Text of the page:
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Yonaty v. Mincolla

Yonaty v. Mincolla

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Published by: jeff_roberts881 on Jun 01, 2012
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04/27/2014

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State of New York Supreme Court, Appellate Division Third Judicial Department
Decided and Entered: May 31, 2012512996________________________________MARK YONATY,Respondent- Appellant,vJEAN MINCOLLA,Defendantand Third-PartyOPINION AND ORDERPlaintiff- Appellant-Respondent;RUTHANNE KOFFMAN,Third-PartyDefendant-Respondent- Appellant.________________________________Calendar Date: April 23, 2012Before: Mercure, J.P., Stein, Garry and Egan Jr., JJ.__________Pope & Schrader, L.L.P., Binghamton (Alan J. Pope ofcounsel), for defendant and third-party plaintiff-appellant-respondent.Sassani & Schenck, P.C., Liverpool (Michael N. Livingstonof counsel), for third-party defendant-respondent-appellant.McDonough & Artz, P.C., Binghamton (Philip J. Artz ofcounsel), for respondent-appellant.
 
-2-512996Thomas W. Ude Jr., Lambda Legal Defense and Education Fund,Inc., New York City, for Lambda Legal Defense and Education Fund,Inc. and another, amici curiae.__________Mercure, J.P.Cross appeals from an order of the Supreme Court (Rumsey,J.), entered June 10, 2011 in Broome County, which, among otherthings, denied third-party defendant's motion for summaryjudgment dismissing the third-party complaint.This appeal presents the issue of whether statementsfalsely describing a person as lesbian, gay or bisexualconstitute slander per se. Given this state's well-definedpublic policy of protection and respect for the civil rights ofpeople who are lesbian, gay or bisexual, we now overrule ourprior case to the contrary and hold that such statements are notdefamatory per se. After a nonparty allegedly told defendant that plaintiffwas gay or bisexual, defendant relayed that information to third-party defendant, a close family friend of plaintiff's long-timegirlfriend, with the hope that the girlfriend would be told.Plaintiff maintains that defendant's actions caused thedeterioration and ultimate termination of his relationship withhis girlfriend. He commenced this action against defendant,alleging slander, intentional infliction of emotional distressand prima facie tort. Defendant then commenced the third-partyaction, seeking indemnification based upon the republication ofthe statements.Supreme Court subsequently denied third-party defendant'smotion for summary judgment dismissing the third-party complaint,and partially granted defendant's motion for summary judgment bydismissing plaintiff's claims of intentional infliction ofemotional distress and prima facie tort. The court denieddefendant's motion insofar as she sought dismissal of plaintiff'sslander claim. As relevant here, the court concluded that it was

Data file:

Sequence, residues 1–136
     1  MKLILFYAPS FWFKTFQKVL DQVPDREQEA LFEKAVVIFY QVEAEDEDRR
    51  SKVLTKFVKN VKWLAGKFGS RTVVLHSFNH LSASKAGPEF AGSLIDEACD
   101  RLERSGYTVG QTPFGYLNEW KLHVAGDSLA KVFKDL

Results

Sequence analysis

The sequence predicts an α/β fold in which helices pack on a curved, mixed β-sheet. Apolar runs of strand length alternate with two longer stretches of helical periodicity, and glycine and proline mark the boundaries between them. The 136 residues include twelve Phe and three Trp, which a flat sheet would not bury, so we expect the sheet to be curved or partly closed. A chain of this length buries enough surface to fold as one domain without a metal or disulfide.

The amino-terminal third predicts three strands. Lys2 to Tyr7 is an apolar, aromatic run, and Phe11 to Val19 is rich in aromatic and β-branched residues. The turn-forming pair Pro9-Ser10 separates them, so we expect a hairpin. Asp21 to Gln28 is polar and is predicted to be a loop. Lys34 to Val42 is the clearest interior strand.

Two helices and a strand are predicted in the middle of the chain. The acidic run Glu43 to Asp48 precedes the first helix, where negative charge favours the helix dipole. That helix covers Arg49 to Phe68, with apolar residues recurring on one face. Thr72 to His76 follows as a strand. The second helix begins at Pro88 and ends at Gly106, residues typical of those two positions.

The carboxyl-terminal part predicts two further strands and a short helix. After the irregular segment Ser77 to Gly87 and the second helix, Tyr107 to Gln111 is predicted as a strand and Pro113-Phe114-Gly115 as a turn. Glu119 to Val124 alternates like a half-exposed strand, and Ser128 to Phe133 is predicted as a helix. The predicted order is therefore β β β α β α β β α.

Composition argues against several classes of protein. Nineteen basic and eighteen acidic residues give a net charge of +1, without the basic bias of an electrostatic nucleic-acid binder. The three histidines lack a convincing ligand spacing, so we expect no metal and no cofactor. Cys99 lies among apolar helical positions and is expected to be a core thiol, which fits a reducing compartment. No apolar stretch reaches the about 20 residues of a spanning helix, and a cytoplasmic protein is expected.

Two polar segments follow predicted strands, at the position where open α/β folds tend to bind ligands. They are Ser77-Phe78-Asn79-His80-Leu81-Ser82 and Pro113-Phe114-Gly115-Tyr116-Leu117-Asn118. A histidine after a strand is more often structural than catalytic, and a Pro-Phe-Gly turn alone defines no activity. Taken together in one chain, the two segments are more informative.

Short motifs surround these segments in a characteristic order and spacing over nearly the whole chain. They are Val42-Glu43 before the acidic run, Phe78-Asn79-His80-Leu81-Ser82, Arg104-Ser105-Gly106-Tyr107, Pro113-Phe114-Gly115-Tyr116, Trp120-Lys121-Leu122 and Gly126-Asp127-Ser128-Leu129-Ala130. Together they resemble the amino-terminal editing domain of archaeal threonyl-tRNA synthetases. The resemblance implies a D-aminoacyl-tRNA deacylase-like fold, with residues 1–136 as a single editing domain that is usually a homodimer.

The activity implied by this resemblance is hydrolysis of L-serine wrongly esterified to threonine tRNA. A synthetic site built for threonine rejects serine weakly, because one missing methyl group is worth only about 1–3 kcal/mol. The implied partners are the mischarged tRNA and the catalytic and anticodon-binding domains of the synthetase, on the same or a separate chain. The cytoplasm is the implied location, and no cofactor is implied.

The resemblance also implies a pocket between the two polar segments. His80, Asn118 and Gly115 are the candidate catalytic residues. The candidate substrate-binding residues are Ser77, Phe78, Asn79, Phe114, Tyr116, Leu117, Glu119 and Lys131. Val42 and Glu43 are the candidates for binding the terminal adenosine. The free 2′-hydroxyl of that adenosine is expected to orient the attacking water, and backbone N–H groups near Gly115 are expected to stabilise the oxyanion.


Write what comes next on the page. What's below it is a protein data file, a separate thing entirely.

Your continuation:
-3-512996bound to follow prior appellate case law holding that statementsfalsely imputing homosexuality constitute defamation per se and,thus, plaintiff's slander claim need not be dismissed despite hisfailure to allege special damages. The parties cross-appeal, andwe now modify by dismissing the complaint and third-partycomplaint in their entirety. Whether particular statements are susceptible of adefamatory meaning – and therefore actionable – presents aquestion of law (see Golub v Enquirer/Star Group, 89 NY2d 1074,1076 [1997]; Aronson v Wiersma, 65 NY2d 592, 593 [1985]). Only"[i]f the contested statements are reasonably susceptible of adefamatory connotation [does] it become[] the jury's function tosay whether that was the sense in which the words were likely tobe understood by the ordinary and average [person]" (James vGannett Co., 40 NY2d 415, 419 [1976] [internal quotation marksand citation omitted]). A statement has defamatory connotationsif it tends to expose a person to "public hatred, shame, obloquy,contumely, odium, contempt, ridicule, aversion, ostracism,degradation or disgrace, or to induce an evil opinion of [aperson] in the minds of right-thinking persons" (Kimmerle v NewYork Evening Journal, Inc., 262 NY 99, 102 [1933]; accord Bytnerv Capital Newspaper, Div. of Hearst Corp., 112 AD2d 666, 667[1985], affd 67 NY2d 914 [1985]; see Golub v Enquirer/Star Group,89 NY2d at 1076). Because the defamatory tendency of a statementdepends "upon the temper of the times [and] the current ofcontemporary public opinion," a statement that is "harmless inone age . . . may be highly damaging to reputation at anothertime" (Mencher v Chesley, 297 NY 94, 100 [1947]).Generally, a plaintiff asserting a cause of action soundingin slander must allege special damages contemplating "the loss ofsomething having economic or pecuniary value" (Liberman vGelstein, 80 NY2d 429, 434-435 [2003] [internal quotation marksand citation omitted]; accord Wadsworth v Beaudet, 267 AD2d 727,728 [1999]). Plaintiff has not done so and, thus, he cannotmaintain his slander claim unless the challenged statementsconstitute "slander per se" – those categories of statements thatare commonly recognized as injurious by their nature, and sonoxious that the law presumes that pecuniary damages will result(see Liberman v Gelstein, 80 NY2d at 435). The four established

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